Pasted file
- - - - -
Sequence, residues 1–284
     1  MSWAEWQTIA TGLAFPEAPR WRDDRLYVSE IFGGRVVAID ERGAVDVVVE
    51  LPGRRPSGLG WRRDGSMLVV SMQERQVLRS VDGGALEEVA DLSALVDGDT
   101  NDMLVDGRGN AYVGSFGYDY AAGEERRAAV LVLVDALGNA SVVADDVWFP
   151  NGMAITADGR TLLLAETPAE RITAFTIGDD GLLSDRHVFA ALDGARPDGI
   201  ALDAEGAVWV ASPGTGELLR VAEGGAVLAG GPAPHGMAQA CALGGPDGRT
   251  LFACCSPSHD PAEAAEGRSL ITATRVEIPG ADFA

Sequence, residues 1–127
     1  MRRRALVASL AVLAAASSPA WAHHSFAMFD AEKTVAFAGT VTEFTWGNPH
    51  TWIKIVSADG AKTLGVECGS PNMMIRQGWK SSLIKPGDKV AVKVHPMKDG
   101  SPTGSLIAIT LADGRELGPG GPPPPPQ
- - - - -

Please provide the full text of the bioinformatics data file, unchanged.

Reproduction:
Sequence, residues 1–284
     1  MSWAEWQTIA TGLAFPEAPR WRDDRLYVSE IFGGRVVAID ERGAVDVVVE
    51  LPGRRPSGLG WRRDGSMLVV SMQERQVLRS VDGGALEEVA DLSALVDGDT
   101  NDMLVDGRGN AYVGSFGYDY AAGEERRAAV LVLVDALGNA SVVADDVWFP
   151  NGMAITADGR TLLLAETPAE RITAFTIGDD GLLSDRHVFA ALDGARPDGI
   201  ALDAEGAVWV ASPGTGELLR VAEGGAVLAG GPAPHGMAQA CALGGPDGRT
   251  LFACCSPSHD PAEAAEGRSL ITATRVEIPG ADFA

Sequence, residues 1–127
     1  MRRRALVASL AVLAAASSPA WAHHSFAMFD AEKTVAFAGT VTEFTWGNPH
    51  TWIKIVSADG AKTLGVECGS PNMMIRQGWK SSLIKPGDKV AVKVHPMKDG
   101  SPTGSLIAIT LADGRELGPG GPPPPPQ